Electronic control of commutator-type machines: DC motor speed/position control system

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.Use of the stepper motor is not the only way to devise a speed/position control system. A PM dc motor can also be made to obey speed commands and to stop precisely at a predetermined position. This enables greater torque and power than is readily attainable from stepping motors. At the same time, very high resolution is possible. What is needed is a shaft-mounted optical encoder and some special electronics. The latter requirement can be conveniently satisfied with several “building-block” dedicated ICs, and a microprocessor or microcomputer. Overall, a servo-positioning system results that benefits from closed-loop sensing and response (stepper motor positioners are conventionally open-loop systems).

The optical encoder is a special type of tachometer that generates more information than merely pulses proportional to speed. The nature of the encoder is illustrated in the sketch of FIG. 25. Notice that there are two slotted disks, a stationary one, and one rotated by the motor shaft. This is essentially a light-chopper technique. The slots in the two disks overlap so that two quasi sine-wave signals are generated that have a 90-degree phase relationship. The frequency of these signals represents the speed of the motor, and their plus or minus 90-degree phase relationship conveys directional information. Additionally, a third signal of one pulse per revolution is generated in order that the absolute position can be found at initialization. The quasi sine-wave signals are designated as the FTA and FTB signals. The pulse-per-revolution signal is termed the FTF signal.

The block diagram of the speed/position control system is shown in FIG. 26. The salient aspect of such a scheme is what could otherwise be a very complex array of electronic circuit schemas are made quite simple and straightforward with the use of the three dedicated ICs.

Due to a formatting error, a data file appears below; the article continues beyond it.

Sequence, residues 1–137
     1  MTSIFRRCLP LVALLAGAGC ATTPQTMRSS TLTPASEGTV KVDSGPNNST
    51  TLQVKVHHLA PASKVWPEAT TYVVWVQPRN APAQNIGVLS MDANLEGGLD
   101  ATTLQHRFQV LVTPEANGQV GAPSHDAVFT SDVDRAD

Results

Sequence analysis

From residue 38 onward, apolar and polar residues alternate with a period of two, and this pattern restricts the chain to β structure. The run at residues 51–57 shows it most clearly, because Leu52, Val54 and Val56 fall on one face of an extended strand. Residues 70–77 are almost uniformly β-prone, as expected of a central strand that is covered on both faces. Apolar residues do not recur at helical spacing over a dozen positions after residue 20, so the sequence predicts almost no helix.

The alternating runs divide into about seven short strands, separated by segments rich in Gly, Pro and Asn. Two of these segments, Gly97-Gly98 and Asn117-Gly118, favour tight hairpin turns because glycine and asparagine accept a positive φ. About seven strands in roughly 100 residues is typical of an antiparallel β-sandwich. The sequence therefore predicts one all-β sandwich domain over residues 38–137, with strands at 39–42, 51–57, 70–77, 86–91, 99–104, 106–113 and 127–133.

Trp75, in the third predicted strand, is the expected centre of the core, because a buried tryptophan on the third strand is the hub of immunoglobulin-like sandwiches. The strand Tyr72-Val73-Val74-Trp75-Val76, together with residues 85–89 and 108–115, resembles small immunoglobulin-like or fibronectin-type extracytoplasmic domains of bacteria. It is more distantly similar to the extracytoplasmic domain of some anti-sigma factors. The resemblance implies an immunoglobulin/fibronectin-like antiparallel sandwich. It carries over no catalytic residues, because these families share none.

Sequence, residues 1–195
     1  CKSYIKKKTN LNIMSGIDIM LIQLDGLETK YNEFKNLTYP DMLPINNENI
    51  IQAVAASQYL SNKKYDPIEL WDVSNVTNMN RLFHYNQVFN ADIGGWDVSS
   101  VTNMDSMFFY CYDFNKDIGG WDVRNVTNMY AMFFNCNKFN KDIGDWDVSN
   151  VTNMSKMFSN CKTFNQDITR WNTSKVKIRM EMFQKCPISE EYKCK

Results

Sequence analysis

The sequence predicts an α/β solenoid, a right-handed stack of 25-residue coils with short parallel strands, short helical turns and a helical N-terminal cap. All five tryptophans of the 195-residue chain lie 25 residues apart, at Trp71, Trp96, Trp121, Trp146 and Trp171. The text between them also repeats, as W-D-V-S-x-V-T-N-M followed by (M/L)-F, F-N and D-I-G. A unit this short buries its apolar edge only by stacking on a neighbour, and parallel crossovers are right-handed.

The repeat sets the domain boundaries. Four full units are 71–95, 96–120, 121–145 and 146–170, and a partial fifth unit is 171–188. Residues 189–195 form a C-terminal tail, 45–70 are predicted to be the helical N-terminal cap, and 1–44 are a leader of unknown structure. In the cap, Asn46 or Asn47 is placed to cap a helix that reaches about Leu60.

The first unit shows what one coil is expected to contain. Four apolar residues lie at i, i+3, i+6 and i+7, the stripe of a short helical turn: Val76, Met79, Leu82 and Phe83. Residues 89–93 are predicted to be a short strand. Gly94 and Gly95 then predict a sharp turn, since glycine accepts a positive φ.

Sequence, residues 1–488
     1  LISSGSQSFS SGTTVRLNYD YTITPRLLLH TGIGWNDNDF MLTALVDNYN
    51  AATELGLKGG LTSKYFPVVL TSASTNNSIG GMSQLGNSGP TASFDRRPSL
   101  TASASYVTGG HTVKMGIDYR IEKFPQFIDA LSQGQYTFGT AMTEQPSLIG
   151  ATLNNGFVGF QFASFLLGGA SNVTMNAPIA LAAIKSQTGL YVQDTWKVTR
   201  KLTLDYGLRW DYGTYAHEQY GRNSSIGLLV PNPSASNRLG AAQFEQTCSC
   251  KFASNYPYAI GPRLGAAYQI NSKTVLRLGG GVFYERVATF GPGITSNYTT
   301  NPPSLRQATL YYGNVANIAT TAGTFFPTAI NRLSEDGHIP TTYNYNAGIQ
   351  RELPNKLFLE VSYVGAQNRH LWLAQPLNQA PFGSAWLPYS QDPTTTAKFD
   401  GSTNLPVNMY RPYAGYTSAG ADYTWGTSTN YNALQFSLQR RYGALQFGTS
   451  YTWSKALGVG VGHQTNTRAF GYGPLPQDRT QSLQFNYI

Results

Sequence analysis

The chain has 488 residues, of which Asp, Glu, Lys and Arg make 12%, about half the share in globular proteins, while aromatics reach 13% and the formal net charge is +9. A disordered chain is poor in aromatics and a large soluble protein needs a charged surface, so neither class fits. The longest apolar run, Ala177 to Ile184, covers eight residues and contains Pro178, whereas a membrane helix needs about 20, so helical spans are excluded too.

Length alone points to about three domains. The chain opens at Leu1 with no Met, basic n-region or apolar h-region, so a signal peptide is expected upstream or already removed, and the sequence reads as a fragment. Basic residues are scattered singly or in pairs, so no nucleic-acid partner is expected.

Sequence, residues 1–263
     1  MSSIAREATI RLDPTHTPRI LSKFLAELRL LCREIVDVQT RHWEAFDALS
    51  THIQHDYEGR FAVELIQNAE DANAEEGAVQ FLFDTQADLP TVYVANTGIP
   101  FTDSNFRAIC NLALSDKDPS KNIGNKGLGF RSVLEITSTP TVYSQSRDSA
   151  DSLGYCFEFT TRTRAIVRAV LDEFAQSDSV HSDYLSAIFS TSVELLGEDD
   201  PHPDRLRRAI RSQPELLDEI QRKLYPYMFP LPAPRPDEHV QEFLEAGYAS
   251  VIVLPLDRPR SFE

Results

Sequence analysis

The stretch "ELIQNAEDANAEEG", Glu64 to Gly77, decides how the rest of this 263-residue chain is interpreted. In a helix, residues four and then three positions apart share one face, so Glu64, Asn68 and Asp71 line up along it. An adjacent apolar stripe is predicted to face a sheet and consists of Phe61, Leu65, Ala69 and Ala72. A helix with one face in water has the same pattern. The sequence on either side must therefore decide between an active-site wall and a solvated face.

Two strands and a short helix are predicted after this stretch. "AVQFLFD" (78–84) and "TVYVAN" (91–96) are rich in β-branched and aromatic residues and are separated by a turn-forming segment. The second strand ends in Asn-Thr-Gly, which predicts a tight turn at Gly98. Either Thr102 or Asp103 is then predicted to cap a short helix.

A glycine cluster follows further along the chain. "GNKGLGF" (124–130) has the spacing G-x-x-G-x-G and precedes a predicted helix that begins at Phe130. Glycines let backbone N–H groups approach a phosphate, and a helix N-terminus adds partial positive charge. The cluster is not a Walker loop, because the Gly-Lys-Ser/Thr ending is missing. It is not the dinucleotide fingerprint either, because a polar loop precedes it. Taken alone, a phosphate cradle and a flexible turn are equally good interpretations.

The operating modes of the control system can be gleaned from inspection of FIG. 27. When first started, the system is in its speed-control mode; however, at startup, the tachometer signal is either absent at zero-time or relatively small during acceleration. During this interval, the system is effectively operating open loop, enabling a high starting current. This is desirable because it promotes rapid speed buildup. Once the motor attains its preset level of speed, closed-loop speed regulation sets in and the speed of the motor is held constant.

FIG. 25 Optical encoder for enabling a dc motor to operate as a servo positioner. Two 90-degree displaced signals are generated together with a one-pulse-per-revolution signal. One pulse per rotation output; Sine wave outputs with ± 90 degree phase difference.

Later, when the microprocessor commands deceleration in preparation for stop ping at a predetermined position, the motor is progressively braked, reducing its speed. Finally, the system is commanded to switch to its position-feedback mode. The motor then stops abruptly at the desired position and is held there by an electronic detent.

The schematic diagram of the dc motor speed/position control system is shown in FIG. 28. Aside from the addition of a few passive components, it’s almost as simple as the block diagram of FIG. 26. The apparent complexity that one sees at first glance stems from the depiction of the internal circuit functions of the three-dedicated ICs. It turns out that this draftsman technique is useful in analyzing the operating principles of the overall system. In particular, the circuit-point designations shown inside of the L290 coincide with the waveforms designations of FIG. 29.